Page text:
Composers Datebook

Monserrate Ferrer Otero

Monserrate Ferrer Otero (1885 – 1966) Bajo el Oro del Crepúsculo (Vals lento) Kimberly Davis, p. from “La Ondina: Una Colección de Música Puertorriqueña para Piano” (digital album on Amazon, iTunes, etc.)

Composers Datebook for January 7, 2021


January 07, 2021


A remarkable shift of focus in music history occurred in the latter part of the 20th Century when performers and musicologists began turning their attention to neglected works by women composers of the past and present. Composers like Hildegard von Bingen, Clara Schumann, Amy Beach, Rebecca Clarke, and Florence Price began to receive the attention they deserved.

In the 21st century, much work remains to be done on this front, however.

Take the case of Monserrate Ferrer Otero, also known as Monsita Ferrer, born in San Juan on this date in 1885. She began playing the piano at an early age, and later pursued composition studies in New York. She was one of Puerto Rico’s first professional woman composers and in 1956 served as an advisor in the planning of their Conservatory of Music. Although enjoying success during her lifetime, only a handful of her works are still performed today. This slow waltz, titled "Bajo el Oro del Crepúsculo” (or, “Under the Gold of Twilight”) was dedicated to fellow travelers aboard the luxury liner Victoria Luisa.

A string quartet and most of her other vocal and piano works remain unpublished long after Monserrate Ferrer Otero‘s death in 1966.

Music Played in Today's Program

Monserrate Ferrer Otero (1885 – 1966) Bajo el Oro del Crepúsculo (Vals lento) Kimberly Davis, p. from “La Ondina: Una Colección de Música Puertorriqueña para Piano” (digital album on Amazon, iTunes, etc.)

On This Day


  • 1899 - French composer and pianist Francis Poulenc, in Paris;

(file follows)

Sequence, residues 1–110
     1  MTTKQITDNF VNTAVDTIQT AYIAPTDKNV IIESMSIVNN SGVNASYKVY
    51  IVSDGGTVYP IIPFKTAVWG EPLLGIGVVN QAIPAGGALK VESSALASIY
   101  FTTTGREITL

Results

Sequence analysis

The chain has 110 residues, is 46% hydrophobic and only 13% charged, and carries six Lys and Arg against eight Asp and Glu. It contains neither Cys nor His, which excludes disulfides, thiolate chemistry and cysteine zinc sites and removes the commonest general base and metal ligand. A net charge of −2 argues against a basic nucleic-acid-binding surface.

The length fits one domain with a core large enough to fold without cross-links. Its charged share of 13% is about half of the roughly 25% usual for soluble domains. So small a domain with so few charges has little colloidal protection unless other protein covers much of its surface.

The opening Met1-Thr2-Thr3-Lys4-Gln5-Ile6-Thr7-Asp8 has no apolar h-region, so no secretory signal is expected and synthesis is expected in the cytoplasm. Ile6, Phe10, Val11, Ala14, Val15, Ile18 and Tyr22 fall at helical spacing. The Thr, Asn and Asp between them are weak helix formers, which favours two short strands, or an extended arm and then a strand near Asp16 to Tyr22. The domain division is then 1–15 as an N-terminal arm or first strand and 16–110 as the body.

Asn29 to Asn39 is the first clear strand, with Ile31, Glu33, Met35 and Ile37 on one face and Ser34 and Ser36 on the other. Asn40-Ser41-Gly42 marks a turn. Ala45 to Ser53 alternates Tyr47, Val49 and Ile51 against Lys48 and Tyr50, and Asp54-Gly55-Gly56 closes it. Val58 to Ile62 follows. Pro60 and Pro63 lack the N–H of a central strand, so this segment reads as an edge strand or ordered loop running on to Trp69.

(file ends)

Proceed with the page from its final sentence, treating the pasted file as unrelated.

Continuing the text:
• 1917 - American composer Ulysses Kay, in Tucson, Ariz.;


  • 1964 - American composer Colin McPhee, age 62, in Los Angeles;


  • 1725 - Bach: Sacred Cantata No. 124 ("Meinen Hesum lass ich nicht") performed on the 1st Sunday after Epiphany as part of Bach's second annual Sacred Cantata cycle in Leipzig (1724/25);

  • 1857 - Liszt: Piano Concerto No. 2 in A, in Weimar, with the composer conducting and his pupil, Hans von Bronsart, the soloist;

  • 1895 - Brahms: Two Sonatas for clarinet and piano (Op. 120, no. 1 in f & No. 2 in Eb), in Vienna at a private performance for members of the Tonkünstler Society, with clarinetist Richard Mühlfeld and the composer at the piano; The first public performances of these pieces took place at the Rosé Quartet's chamber concert series on Jan. 8 (Sonata No. 2) and Jan. 11 (Sonata No. 1); See also Jan. 8 & 11 below for more information on early performances of these two sonatas;

  • 1897 - Loeffler: “The Death of Tintagiles” for orchestra, by the Boston Symphony, Emil Paur conducting;

  • 1898 - Glazunov: ballet "Raymonda" (Gregorian date: Jan. 19);

  • 1898 - Rimsky-Korsakov: "Sadko," in Moscow at the Solodovnikov Theater, Esposito conducting (Julian date: Dec. 26, 1897;

  • 1933 - Gruenberg: opera "Emperor Jones" (after the play by Eugene O'Neill), at the Metropolitan Opera in New York City;

  • 1942 - Copland: "Statements" for Orchestra, at Carnegie Hall by New York Philharmonic conducted by Dimitri Mitropoulos;

  • 1952 - Gail Kubik: "Symphonie-Concertante" in New York City; This work was awarded the Pulitzer Prize for Music in 1952;

  • 1955 - Martinu: Symphony No. 6 ("Fantaisies symphoniques"), by the Boston Symphony, with Charles Munch conducting;

  • 2000 - Danielpour: "The Night Rainbow," in Santa Anna, Calif., by the Pacific Symphony, Carl St. Clair conducting;


  • 1955 - Marian Anderson makes her Metropolitan Opera debut as Ulrica in Verdi's "Un Ballo in Mascera" (A Masked Ball); She is the first African-American singer to perform as an opera soloist on the Met stage; Subsequent distinguished African-American singers who performed as members of the Met company included Robert McFerrin, Sr. (Bobby McFerrin Jr.’s father), Leontyne Price, Martina Arroyo, Kahtleen Battle and Jessye Norman.